Saturday Night’s Alright For Shopping

4th April 2011

Do you ever worry that your life is a bit dull, when you listen to your friends regaling each other about their fantastic Saturday nights out? Do you get jealous when they go on and on about romantic dinners in amazing restaurants and evenings spent strutting their stuff on the dance floor, in time to the latest tune playing in the flashest club.

Well don’t worry, they’re lying. Perhaps that’s not fair. I’m sure they’re not all lying. But after my Saturday night visit to IKEA at the weekend, I can confirm that most of them were, in fact, partaking in a bit of home styling retail therapy.

Never have I seen so many families, couples and groups of young men and woman rammed into one furniture store on a Saturday night. Some were hanging about in the sofa department, chatting and texting on mobile phones, no doubt to their friends admiring duvet covers in the bed section.

Those with small children were sharing a bargain meal in the cafeteria, filling up their children with fizzy drinks at the free refill station, before steering them around the room settings, letting them race off all the e-numbers by spinning in office chairs and bouncing on beanbags.

Couples were oohing and aahing over the kitchen settings, designing their own dream layout on the computers provided. And just about everyone else was in the marketplace, selecting bargain frying pans, crockery, cutlery, glasses and mugs, plant pots, lamps and rugs that they really didn’t need but at those prices, who can resist.

Next came the warehouse aisles from where you pick the large items that you saw on display in the main store. If you haven’t written down the correct location reference, be prepared for a long walk retracing your steps back to where you saw the ideal bookshelf for your room. Walking against the flow of pedestrian traffic makes for a much longer journey. And when your item is too heavy to lift on to your trolley? Just keep trying because there’s no one around to help unless a fellow shopper feels sorry for you.

The queues for the tills are a testing experience and the scene of some domestics breaking out between now fraught couples, regretting the whole e-number overload at the start of their shopping experience. But eventually you fight your way through, argue with the cashier who’s charged you for 400 coat hangers instead of 4, and head out into the darkness of what feels like the world’s largest car park when you can’t remember where you parked your car.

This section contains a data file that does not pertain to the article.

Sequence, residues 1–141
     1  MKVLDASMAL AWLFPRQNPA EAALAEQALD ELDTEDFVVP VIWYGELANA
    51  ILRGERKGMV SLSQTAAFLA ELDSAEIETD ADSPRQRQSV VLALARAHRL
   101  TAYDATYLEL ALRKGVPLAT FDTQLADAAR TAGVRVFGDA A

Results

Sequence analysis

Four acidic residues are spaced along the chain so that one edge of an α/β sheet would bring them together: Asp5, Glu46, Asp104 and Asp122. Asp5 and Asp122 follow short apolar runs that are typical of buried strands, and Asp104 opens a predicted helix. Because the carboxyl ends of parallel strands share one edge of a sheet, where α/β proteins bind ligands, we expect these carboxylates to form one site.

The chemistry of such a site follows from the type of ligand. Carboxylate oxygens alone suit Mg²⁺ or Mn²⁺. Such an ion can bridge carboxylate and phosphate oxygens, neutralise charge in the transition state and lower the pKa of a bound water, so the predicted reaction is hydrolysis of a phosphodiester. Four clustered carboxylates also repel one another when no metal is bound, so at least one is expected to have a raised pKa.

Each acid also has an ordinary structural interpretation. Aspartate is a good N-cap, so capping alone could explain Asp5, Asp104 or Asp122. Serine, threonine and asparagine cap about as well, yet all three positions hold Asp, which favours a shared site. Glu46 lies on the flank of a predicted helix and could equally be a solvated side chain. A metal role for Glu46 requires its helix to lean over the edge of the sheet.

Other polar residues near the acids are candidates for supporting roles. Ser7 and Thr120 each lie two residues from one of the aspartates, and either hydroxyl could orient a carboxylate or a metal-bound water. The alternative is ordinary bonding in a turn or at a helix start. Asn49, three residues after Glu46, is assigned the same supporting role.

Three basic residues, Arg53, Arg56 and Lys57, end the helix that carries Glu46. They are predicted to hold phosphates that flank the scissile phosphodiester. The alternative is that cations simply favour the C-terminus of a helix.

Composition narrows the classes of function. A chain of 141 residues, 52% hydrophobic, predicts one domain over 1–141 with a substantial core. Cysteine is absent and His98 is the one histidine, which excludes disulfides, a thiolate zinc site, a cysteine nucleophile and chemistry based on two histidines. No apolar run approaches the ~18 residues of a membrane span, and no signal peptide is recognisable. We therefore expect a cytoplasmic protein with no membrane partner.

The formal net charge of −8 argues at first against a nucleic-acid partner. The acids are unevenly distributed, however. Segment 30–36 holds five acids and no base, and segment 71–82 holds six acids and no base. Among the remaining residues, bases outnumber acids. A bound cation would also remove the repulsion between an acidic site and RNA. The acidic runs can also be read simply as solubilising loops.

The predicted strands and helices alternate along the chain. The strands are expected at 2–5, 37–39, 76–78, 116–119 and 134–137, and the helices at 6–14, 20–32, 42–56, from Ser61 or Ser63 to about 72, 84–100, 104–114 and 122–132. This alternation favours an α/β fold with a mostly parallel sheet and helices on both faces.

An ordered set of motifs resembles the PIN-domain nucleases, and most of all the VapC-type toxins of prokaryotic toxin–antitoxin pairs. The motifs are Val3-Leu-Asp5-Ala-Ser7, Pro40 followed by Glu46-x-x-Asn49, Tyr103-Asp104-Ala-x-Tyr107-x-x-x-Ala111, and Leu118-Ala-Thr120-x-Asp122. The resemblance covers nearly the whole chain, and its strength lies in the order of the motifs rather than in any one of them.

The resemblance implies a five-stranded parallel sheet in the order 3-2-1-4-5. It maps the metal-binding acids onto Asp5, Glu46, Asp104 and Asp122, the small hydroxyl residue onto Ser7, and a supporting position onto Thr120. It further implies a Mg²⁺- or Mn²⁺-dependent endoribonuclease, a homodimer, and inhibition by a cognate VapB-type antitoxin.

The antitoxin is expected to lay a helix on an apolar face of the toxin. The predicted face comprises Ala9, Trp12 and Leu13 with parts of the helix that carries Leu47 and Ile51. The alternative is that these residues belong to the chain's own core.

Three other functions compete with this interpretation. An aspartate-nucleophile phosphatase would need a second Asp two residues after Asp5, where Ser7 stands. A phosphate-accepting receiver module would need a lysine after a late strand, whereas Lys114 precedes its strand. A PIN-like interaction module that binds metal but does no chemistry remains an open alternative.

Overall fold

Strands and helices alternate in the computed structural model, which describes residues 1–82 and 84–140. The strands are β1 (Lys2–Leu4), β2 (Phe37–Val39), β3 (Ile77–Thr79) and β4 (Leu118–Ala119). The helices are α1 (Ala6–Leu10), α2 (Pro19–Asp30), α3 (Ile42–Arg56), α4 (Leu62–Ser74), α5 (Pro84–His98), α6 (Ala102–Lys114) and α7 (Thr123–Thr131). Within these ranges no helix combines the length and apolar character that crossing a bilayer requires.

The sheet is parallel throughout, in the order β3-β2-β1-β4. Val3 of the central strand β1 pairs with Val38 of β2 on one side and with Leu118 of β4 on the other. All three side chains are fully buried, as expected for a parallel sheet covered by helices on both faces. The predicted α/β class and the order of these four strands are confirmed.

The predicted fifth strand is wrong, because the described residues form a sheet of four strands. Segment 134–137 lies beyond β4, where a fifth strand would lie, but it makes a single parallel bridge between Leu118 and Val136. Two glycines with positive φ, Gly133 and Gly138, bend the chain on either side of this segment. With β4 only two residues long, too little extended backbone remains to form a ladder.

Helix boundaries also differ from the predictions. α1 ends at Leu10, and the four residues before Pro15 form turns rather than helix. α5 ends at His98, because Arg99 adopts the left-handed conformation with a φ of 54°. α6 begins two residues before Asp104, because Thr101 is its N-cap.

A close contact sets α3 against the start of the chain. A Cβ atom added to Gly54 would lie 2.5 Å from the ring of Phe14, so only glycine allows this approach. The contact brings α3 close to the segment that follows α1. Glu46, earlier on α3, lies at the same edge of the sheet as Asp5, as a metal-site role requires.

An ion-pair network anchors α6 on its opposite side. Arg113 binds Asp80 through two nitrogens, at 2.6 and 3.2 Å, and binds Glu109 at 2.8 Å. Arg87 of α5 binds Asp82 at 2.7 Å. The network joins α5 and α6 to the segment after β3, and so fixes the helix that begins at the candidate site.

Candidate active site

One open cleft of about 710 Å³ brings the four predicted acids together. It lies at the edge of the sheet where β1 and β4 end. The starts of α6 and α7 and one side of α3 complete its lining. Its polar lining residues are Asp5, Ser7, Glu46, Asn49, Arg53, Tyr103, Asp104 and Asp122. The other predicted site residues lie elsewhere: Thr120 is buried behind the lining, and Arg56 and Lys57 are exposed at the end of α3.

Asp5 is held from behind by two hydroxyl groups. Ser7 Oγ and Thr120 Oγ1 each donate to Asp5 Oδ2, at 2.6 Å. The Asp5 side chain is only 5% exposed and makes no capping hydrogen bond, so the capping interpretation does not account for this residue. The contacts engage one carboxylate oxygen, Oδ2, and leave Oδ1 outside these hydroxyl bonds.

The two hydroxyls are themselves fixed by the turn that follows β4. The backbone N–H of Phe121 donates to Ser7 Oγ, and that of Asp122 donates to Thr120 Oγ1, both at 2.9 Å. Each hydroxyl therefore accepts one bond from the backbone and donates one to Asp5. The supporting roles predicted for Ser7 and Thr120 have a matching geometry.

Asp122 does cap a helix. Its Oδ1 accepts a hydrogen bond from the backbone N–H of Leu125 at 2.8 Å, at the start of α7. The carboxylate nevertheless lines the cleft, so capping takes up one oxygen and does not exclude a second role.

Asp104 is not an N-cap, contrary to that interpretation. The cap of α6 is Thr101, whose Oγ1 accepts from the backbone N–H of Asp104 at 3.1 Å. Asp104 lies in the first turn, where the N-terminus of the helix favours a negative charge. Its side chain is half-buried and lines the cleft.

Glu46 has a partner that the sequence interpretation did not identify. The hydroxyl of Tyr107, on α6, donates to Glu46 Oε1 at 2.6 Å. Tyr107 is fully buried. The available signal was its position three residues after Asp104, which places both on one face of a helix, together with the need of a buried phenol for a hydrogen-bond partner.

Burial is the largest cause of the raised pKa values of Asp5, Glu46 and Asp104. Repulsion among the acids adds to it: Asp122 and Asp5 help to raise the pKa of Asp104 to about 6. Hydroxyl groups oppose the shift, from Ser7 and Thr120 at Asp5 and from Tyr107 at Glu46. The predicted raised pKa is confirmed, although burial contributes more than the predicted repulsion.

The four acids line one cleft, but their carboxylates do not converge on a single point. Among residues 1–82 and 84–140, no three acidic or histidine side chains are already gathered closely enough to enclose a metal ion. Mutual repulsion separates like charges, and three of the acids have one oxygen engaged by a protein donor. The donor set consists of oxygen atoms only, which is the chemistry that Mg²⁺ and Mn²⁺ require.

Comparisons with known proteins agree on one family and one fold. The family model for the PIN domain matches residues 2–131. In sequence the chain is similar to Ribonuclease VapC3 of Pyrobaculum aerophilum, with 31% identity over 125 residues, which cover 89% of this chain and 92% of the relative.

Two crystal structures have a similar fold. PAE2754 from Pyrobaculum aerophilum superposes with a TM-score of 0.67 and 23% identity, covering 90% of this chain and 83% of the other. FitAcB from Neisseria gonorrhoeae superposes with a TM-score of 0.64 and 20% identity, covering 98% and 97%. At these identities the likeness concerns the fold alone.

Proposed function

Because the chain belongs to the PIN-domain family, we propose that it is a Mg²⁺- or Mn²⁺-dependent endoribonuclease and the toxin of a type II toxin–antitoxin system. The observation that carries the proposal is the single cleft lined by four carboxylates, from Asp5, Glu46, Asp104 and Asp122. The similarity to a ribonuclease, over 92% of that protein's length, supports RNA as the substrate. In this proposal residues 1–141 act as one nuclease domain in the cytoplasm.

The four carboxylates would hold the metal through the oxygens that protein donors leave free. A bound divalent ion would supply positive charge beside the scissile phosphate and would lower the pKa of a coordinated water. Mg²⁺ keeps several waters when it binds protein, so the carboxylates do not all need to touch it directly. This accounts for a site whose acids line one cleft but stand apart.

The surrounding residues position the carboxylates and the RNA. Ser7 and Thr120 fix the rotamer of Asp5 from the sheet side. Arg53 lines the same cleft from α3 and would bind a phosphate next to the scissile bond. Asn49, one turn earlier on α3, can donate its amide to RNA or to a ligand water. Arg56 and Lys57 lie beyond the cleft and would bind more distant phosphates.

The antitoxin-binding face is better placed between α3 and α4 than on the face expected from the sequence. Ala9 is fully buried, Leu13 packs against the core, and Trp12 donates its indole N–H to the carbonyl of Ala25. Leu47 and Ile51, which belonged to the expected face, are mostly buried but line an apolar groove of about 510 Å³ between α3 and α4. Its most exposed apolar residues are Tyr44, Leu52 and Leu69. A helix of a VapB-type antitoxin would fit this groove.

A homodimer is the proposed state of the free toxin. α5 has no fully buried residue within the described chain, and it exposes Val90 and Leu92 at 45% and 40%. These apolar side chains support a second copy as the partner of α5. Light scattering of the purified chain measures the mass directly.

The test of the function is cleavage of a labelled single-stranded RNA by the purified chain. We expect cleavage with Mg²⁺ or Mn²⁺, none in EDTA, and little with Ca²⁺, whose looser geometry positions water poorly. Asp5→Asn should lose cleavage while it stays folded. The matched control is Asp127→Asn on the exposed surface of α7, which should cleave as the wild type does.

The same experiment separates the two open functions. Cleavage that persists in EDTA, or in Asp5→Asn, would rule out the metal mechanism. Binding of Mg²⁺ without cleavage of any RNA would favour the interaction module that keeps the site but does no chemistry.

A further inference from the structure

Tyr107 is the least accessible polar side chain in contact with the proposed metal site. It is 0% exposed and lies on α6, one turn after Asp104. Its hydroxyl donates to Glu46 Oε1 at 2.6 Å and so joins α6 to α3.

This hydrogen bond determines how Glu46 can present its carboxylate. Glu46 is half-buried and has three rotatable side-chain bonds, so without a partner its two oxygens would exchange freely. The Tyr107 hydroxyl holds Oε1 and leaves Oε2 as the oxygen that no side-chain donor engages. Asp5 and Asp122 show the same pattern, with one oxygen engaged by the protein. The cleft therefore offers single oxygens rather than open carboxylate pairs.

Never fear, there’s still more fun to come. If you’re not too exhausted when you get home, you get to assemble your flat pack furniture until the early hours, giving you the appearance on Sunday that you would have had if you’d spent all night out at the club. Job done.

If I sound scathing, ignore me. I had a fantastic time and was very proud of the bookshelf I built the next day. So much so, I’m going back for another next week. I’m a glutton for punishment!

Register for an IKEA family card here before you next visit the store to make sure you can take advantage of any discounts going. Oh, and free coffee too!


The Leaning Tower of Piña

21st February 2011

Seeing that I’ve lived in Spain for nearly eight years, you would expect me to have come to terms with supermarket shopping, the Spanish way. Not so.

There are many different supermarket chains with stores near where we live. One blatantly caters to holidaymakers, inflating its prices during peak season, while another uses its French roots and international appeal to draw in shoppers of all nationalities, all year round. It’s particularly good at encouraging you to buy three of something when you only need one – at the time, you think buying 12 cans of pineapple instead of the three you went for means that you’re picking up a real bargain. Usually you just end up with a bigger bill than you anticipated and, as has happened in our house, a leaning tower of piña filling up your cupboards.

One of the other popular supermarkets here requires you to remortgage your house prior to arriving at the checkout, and then there’s the one known to be the supermarket of choice for the average Spaniard – and, of course, it’s one of the cheapest.

I hate supermarket shopping and have always avoided the cheapest option simply because of the hordes of people that flock through its doors whenever I want to go there. And while it is great value, our local branch is impossible to navigate. I like straight aisles, where you can systematically venture up one side and then back down the other, passing everything and thereby forgetting nothing. Well at this particular store, you have to wiggle around corners, and at right angles – it’s organised chaos.

But I’m overjoyed to report that this chain has opened another branch near to where we live. And, touch wood, not too many people seem to have discovered it yet. The aisles have been built in perfect straight lines, the checkout staff are friendly, the carpark has girly wide spaces and you can buy individual pieces of fruit rather than super huge packs that go off as soon as you get them home.

One oddity though – last week I bought some broccoli. That evening, while my homemade fish pie was bubbling away, I unwrapped my broccoli and was gobsmacked to find instructions explaining that I should split said vegetable into florets and cook in boiling water. Now, I’m no domestic goddess, but even I don’t need instructions on how to cook broccoli. If you do, check out this helpful (if somewhat hairy) guy on You Tube:

How to cook perfect broccoli

Finally, a word of warning: Most of the supermarkets here in Spain now charge for plastic bags so don’t forget to take your old ones with you next time you shop. We may be saving the planet but goodness me, I’m going to have to start buying bin bags now! What is the world coming to?